Human Rights

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By Knowledge Hub

Since its launch, the Framework has allowed companies to successfully integrate the UNGPs into their business operations. These Principles were unanimously endorsed by the UN Human Rights Council in 2011. They clarified the responsibility of governments and businesses regarding the impacts businesses can and do have on people and how companies should provide or enable remedies to those harmed. The UNGPs are the most authoritative guidance and the blueprint for embedding human rights practices in business. Since 2011, the EU has required all of its 28 states to prepare ‘national action plans’ setting out how companies need to align with the UNGPs.

In today’s interconnected world, wherever people are harmed by business, some form of media is likely to have reported the event. Therefore, it seems inconceivable that companies which spend billions of dollars on building up their brands and reputations would pursue and conduct business practices without putting in place processes to protect people, be they customers, workers at suppliers, the broader communities in which their factories operate, or their own employees, to name but a few.

One of the fundamental philosophies behind the UNGPs is ‘know and show’. Companies need to (1) understand how they can potentially harm people and put processes in place to mitigate against those risks happening in practice (the ‘know’ part) and (2) report on what those risks are and what they are doing about them (the ‘show’ part).

So, eight years since the endorsement of the UNGPs and four years since the release of the Reporting Framework, how meaningful is human rights reporting? By looking at public reports (annual reports, sustainability reports, human rights reports), this article sets out some of the trends that can be seen by industry and by region, and the areas in which companies are reporting well and those with which they are struggling. This is not a definitive study but is the author’s perception, who has worked in this area over the past eight years.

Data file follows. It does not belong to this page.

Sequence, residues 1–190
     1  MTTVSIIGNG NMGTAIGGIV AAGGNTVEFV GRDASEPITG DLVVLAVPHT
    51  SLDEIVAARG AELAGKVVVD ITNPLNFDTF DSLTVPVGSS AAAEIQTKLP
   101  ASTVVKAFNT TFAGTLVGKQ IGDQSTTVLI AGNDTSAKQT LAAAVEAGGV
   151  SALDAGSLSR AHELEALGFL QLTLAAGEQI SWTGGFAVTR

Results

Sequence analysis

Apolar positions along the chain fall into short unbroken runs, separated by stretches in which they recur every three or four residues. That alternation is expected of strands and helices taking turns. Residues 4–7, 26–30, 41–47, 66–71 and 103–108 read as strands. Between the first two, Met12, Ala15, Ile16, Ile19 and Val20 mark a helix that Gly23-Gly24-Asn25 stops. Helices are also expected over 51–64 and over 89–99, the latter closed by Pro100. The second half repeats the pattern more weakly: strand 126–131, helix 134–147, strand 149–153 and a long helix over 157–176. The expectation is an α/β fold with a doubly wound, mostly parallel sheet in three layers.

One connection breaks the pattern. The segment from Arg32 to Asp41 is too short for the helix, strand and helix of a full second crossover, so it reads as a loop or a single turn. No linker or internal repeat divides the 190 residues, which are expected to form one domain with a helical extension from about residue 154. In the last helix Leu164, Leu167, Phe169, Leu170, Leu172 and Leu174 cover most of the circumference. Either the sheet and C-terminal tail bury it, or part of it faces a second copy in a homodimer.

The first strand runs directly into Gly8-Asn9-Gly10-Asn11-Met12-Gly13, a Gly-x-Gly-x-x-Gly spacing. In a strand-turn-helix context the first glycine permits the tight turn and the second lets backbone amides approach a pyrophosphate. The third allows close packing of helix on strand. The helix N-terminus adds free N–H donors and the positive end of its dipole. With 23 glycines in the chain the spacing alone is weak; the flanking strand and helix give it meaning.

The big picture

There is an upward trend in the number of companies reporting separately on human rights. In 2015, only 13 companies had separate human rights reports. This figure rose to 52 by 2017 (Forbes, 2018), still a drop in the ocean considering the number of publicly listed companies, but with global companies such as Unilever, Nestlé and ABN AMRO addressing this area, their leadership is proving invaluable for others to follow. Indeed, they have each produced more than one report, so they have been able to demonstrate and report on progress, successes, and challenges.

Regarding industries with more mature reporting than others, the extractives (oil, gas, and mining) and the apparel sector appear to be leading with those with an agricultural element, such as tobacco or cocoa and are also making notable improvements. Ironically, the two industries that significantly impact people’s 21st-century lives are lagging; financial services and media technology industries haven’t yet meaningfully got to grip on how best to report on the risks they are potentially contributing to or being linked with. There are exceptions, such as ABN AMRO and Microsoft, but they are a minority within their sectors.

Nevertheless, the overall quality of human rights reporting still needs to be more meaningful and prolific. It is pleasing to see many companies stating publicly that they are aligning behind the UNGPs. On the other hand, reporting is at such an embryonic stage that it is difficult to see whether they are actually doing so in practice. On the whole (there are some notable exceptions), reporting is currently not robust enough. Indeed, analyses of company reporting of many large and listed organisations across several sectors reveal only five per cent are classed as ‘leading’ on human rights reporting. Nearly half of companies fall into or below the improving category.[2]